North Korea appeared to launch the missile just after 11 p.m. local time, South Korea's joint chiefs of staff said. South Korean President Moon Jae-in convened an emergency national security meeting.
Japanese authorities also reported detecting the launch, with the missile appearing to land within Japan's exclusive economic zone, the public broadcaster NHK said.
The Hawaii-based U.S. Pacific Command usually confirms missile launches a short time after the South Korean announcement.
If confirmed, this would be unusual as North Korea almost always launches missiles soon after dawn.
Still, a launch had been anticipated. Not only has Kim Jong Un repeatedly said he wants a nuclear-tipped missile that can reach the United States, but American intelligence agencies had in recent days spotted preparations for another test.
The launch took place the day after the anniversary of the conclusion of the Korean War, which ended in an armistice but which Pyongyang claims it won. The day is celebrated in North Korea as "The Day of Victory in the Great Fatherland Liberation War."
This latest provocation compounds the problem facing the Trump administration and North Korea's neighbors: how to stop the Kim regime from making progress with its nuclear weapons program.
On Wednesday, the day before the anniversary of the end of the 1950-1953 Korean War, North Korea threatened to launch a preemptive nuclear strike against the United States.
"If enemies misunderstand our strategic status and stick to options of staging a pre-emptive nuclear attack against us, we will launch a nuclear attack on America's heart as the most relentless punishment without warning or prior notice," Pak Yong Sik, North Korea's defense minister, said at a ceremony Wednesday, according to the North's official Korean Central News Agency.
The test comes barely three weeks after North Korea fired its first missile technically capable of reaching the United States, launched as July 4 dawned in Asia.
That missile, which North Korea called the Hwasong-14 (or Mars-14), was fired from Panghyon, a northwestern part of the country not far from the border with China, and flew to an altitude of 1,741 miles - seven times as high as the International Space Station. It landed 577 miles from its launch site, splashing down in the sea between the Korean peninsula and Japan.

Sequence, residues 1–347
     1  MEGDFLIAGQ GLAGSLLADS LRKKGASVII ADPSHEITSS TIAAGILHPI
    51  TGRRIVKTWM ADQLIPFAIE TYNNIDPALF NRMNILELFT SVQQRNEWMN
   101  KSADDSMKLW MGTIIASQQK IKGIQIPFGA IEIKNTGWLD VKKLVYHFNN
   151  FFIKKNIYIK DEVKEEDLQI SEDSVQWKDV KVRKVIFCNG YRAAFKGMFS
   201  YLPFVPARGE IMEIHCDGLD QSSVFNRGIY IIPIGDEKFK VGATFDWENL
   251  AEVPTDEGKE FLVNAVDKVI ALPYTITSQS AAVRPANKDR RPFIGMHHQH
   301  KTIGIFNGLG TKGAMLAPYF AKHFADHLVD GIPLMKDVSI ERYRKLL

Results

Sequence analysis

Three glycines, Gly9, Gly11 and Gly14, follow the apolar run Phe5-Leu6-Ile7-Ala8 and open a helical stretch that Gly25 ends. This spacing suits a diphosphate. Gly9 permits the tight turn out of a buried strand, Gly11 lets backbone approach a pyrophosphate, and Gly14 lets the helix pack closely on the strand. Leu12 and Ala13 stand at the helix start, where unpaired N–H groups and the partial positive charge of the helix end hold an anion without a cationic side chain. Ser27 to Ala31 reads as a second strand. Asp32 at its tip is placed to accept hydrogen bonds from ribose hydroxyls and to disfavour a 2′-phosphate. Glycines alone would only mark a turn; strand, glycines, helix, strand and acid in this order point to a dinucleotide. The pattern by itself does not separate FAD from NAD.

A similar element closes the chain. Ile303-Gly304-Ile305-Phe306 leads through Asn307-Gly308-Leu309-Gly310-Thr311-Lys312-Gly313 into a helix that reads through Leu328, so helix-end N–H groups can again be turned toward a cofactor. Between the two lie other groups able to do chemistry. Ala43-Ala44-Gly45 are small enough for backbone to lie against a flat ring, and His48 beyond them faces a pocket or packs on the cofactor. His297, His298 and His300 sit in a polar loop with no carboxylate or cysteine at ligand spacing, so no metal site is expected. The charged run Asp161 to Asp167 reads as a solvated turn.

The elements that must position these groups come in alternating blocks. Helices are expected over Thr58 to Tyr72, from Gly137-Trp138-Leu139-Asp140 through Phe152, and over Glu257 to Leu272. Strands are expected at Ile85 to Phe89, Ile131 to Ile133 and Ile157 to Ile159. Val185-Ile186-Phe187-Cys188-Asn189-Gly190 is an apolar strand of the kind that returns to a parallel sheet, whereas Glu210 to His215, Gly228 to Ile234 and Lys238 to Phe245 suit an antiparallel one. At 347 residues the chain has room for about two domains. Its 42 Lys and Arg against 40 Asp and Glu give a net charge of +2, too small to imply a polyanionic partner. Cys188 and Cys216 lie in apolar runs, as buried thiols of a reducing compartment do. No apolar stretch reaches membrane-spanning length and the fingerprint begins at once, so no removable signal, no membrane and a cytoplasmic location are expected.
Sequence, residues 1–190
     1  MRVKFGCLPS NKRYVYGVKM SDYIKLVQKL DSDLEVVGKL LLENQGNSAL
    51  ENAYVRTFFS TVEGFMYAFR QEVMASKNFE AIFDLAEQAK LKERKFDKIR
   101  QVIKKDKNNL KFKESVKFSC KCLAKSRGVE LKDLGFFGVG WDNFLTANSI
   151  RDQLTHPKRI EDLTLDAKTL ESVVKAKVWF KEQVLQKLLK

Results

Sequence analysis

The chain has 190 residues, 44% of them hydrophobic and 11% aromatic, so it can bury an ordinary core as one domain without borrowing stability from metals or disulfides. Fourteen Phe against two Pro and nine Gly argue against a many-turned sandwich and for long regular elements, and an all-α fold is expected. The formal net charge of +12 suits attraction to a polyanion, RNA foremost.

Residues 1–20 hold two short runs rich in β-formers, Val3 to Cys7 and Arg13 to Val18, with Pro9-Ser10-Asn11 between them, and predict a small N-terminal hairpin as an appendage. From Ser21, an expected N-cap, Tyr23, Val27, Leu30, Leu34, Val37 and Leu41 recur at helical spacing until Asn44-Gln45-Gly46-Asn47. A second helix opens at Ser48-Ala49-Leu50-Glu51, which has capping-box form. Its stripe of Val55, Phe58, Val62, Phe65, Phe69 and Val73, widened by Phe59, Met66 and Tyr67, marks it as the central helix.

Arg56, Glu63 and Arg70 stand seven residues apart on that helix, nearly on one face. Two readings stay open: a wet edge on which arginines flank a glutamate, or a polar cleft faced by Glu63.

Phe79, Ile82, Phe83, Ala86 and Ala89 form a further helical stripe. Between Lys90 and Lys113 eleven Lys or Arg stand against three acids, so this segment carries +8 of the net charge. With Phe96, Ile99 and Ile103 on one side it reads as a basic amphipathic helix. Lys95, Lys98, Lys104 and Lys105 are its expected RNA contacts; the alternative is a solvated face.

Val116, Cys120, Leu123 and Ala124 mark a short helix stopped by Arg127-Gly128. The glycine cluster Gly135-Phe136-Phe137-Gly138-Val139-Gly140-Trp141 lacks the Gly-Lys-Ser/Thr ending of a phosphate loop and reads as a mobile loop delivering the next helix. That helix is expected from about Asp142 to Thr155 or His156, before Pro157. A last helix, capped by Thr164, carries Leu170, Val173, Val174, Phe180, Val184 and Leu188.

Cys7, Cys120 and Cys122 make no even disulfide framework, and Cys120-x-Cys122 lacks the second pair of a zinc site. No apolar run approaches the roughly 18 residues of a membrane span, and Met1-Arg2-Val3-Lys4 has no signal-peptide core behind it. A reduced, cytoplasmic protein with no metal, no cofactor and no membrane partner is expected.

If fired on a trajectory designed to maximize its range, rather than a "lofted" flight path, the missile could have flown 4,970 miles, according to the missile defense project at CSIS. That would put Hawaii and Alaska within reach.
But analysts at the Center for Nonproliferation Studies in California have suggested the missile was capable of getting to New York City.
Jeffrey Lewis, head of the East Asia program at CNS, said the latest apparent ICBM test would have been designed to demonstrate that North Korea could hit more of the mainland United States.
"My guess is that they want to show more range," Lewis said, adding that North Korea was essentially calling the Pentagon's bluff. "We basically dared them to do this. We said, 'It's not really an ICBM until it can hit Alaska,' and they're like 'okay.'"
The Kim regime has been testing missiles - and making observable technical progress - at a pace that has alarmed analysts and officials alike.
The Pentagon's Defense Intelligence Agency (DIA) has shaved two full years off the consensus forecast for North Korea's ICBM program, now estimating that North Korea will be able to field a reliable, nuclear-capable intercontinental ballistic missile as early as next year.
The aggressive testing schedule has already allowed North Korea to validate its basic designs, putting it within a few months of starting industrial production, the officials said.
The July 4 test, which violates United Nations resolutions against North Korea, was met with the usual rounds of international condemnation but the world has not found a way to convince North Korea to stop.
The United States has been leading the charge for more and more sanctions against North Korea, but Russia and China - both veto-wielding permanent members of the U.N. Security Council - have been reluctant to impose painful measures and are instead calling for a "de-escalation plan" to deal with Pyongyang.
The United States won't know anything about North Korea's intentions unless it engages the regime seriously and at length, said Sharon Squassoni, head of the proliferation prevention program at the Center for Strategic and International Studies, the Washington-based think-tank.
"Kim Jong Un does seem hell-bent on acquiring the capability to reach the United States with nuclear weapons," "Although some experts judge this means he will never negotiate, it could also mean that he's looking for the capability that forces the United States to the table."
The Trump administration needs to commit resources and real expertise to reshaping peace and security on the Korean peninsula, she said.
Kelsey Davenport, director for nonproliferation policy at the Arms Control Association, agreed that sanctions alone will not change North Korea's behavior.
"A deployed North Korean ICBM is not inevitable, but it will be if policymakers in Washington keep putting the cart before the horse and demanding Pyongyang meet onerous preconditions to begin talks," she said.
The Trump administration, like the Obama administration before it, has said that North Korea must agree to freeze its weapons program before talks can begin.
"Washington's diplomacy deficit is further compounded by the dangerous illusion that sanctions alone will push North Korea to negotiate," Davenport said, "when the Trump administration and Congress should be focused on signaling support for talks without conditions."
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